Make The Turn Challenge #6: Birdie Breakfast
By Cate Ritter__
__It might be tempting to grab a donut and coffee on the way to the course, but a breakfast lacking in protein sets you up for a rough day. Typical high-carb breakfast foods, such as a pastries, bagels or cereal, give you a quick boost of sugary energy but will quickly have you dragging by the third hole.
Take the first step to eating like a pro by including more protein at your morning meal. Protein-packed meals power your performance by increasing muscle mass, promoting fat burning, providing consistent energy, reducing sugar cravings, supporting the immune system, and decreasing your chances of making poor food choices on the back nine.
Aim for about 25 grams of complete protein at breakfast. Twenty-five grams of protein is about four eggs, 3 to 4 ounces of meat, poultry, fish or seafood, or a scoop of protein powder. Look for organic, hormone-free, antibiotic-free proteins. For extra nutritional benefits, particularly more anti-inflammatory omega-3s, select pastured, free-range or wild proteins. Great sources include: eggs, nitrate-free sausage or bacon, salmon, beef, shrimp, pork, chicken, turkey, cottage cheese and protein powder.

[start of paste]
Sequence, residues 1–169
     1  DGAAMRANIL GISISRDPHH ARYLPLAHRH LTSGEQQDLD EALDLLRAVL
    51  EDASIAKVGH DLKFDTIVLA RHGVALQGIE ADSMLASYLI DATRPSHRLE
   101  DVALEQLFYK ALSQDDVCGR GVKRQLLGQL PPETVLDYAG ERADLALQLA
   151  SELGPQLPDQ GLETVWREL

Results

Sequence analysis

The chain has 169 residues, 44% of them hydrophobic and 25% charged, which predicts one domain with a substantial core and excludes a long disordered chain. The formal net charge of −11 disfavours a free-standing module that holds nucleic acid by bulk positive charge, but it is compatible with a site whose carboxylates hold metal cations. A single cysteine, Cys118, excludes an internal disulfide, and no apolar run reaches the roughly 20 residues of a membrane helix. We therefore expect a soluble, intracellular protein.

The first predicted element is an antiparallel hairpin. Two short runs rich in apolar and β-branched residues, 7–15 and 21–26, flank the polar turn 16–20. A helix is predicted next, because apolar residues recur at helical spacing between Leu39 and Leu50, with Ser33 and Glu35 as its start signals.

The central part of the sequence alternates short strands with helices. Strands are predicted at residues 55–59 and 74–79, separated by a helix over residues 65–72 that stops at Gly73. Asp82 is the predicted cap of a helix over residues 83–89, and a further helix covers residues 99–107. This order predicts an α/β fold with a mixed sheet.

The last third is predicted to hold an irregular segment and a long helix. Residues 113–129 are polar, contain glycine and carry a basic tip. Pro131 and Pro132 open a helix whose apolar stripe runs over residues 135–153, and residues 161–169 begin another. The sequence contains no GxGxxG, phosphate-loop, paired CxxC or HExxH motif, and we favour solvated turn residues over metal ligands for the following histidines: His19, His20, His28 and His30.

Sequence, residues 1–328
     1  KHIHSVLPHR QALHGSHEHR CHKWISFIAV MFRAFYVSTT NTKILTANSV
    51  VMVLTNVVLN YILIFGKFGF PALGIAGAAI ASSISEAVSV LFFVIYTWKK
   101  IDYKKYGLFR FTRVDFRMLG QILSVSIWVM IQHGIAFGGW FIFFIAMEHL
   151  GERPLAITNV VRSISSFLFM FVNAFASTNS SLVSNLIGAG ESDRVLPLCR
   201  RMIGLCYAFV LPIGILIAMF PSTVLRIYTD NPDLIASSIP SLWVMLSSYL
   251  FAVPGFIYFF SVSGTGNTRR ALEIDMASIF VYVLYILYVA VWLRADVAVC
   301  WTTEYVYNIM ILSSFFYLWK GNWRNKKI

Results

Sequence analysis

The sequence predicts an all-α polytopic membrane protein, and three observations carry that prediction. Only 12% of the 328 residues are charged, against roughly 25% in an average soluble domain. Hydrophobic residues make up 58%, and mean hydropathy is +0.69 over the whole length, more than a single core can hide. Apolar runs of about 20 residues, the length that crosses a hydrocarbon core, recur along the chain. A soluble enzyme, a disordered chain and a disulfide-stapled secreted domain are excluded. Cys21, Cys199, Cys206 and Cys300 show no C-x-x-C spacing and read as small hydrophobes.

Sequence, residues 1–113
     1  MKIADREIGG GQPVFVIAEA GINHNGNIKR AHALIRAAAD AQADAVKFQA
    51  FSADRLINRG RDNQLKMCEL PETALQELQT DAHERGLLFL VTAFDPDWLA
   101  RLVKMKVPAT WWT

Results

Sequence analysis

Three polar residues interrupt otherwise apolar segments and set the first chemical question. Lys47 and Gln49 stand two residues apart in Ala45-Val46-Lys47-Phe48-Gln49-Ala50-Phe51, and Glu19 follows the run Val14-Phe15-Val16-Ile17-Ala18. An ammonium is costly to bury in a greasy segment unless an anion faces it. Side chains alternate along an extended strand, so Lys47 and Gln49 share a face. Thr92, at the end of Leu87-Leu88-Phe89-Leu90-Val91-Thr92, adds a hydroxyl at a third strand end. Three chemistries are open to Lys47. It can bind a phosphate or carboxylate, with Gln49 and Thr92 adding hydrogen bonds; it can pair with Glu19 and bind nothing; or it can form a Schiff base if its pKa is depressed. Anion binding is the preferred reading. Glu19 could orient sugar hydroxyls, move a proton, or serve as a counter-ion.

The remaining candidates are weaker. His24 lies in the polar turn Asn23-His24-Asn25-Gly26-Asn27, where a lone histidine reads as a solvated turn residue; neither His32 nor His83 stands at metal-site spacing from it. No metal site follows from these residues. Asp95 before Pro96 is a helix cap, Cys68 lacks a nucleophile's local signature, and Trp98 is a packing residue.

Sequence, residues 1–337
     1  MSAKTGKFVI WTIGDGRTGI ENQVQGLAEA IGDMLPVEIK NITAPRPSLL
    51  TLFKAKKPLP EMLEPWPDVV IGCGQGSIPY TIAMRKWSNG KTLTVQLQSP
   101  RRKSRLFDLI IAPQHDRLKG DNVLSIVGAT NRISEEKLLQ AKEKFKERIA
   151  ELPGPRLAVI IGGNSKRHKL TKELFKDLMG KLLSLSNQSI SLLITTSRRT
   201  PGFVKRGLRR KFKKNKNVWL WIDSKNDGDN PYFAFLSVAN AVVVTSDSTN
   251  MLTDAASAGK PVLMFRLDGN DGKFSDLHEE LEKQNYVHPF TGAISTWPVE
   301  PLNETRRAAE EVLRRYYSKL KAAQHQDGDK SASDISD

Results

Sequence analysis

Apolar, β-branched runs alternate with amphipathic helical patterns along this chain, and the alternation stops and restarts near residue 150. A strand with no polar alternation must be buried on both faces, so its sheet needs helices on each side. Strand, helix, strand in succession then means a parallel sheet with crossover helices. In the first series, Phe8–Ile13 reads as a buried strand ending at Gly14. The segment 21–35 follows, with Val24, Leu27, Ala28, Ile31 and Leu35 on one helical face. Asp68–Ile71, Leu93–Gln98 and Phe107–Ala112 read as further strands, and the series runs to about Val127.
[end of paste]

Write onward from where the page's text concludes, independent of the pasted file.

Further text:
Avoid non-organic, processed proteins such as conventional bacon or sausage, imitation animal products (tofurkey), "breakfast" bars, cereals and low-fat dairy products such as milk or yogurt.
To form a perfect plate, balance protein with vegetables, fruits, nuts, seeds, legumes and gluten-free grains.
Fried eggs with bacon, sweet potato and kaleOmelet with goat cheese, tomatoes and spinachWild salmon with asparagus and red potatoesOatmeal with cottage cheese, peaches and pecansCorn tortilla with scrambled eggs, beans and avocado
Chocolate protein shake with spinach, coconut and bananaSliced steak with avocado, bell pepper and orangeHard-boiled eggs with quinoa flakes, apple and walnutsSmoked salmon with yogurt, berries and slivered almondsTurkey with cheese and spinach on "sprouted" breadCanned tuna on sourdough with guacamole and tomato#iframe:http://player.cnevids.com/embed/53557b6f69702d1acd480000/52f2abec69702d51d41c0000|||
Cate Ritter runs The LEAN 18 Nutrition program at MTT Performance. The program operates out of Poppy Hills Golf Course in Pebble Beach, Calif.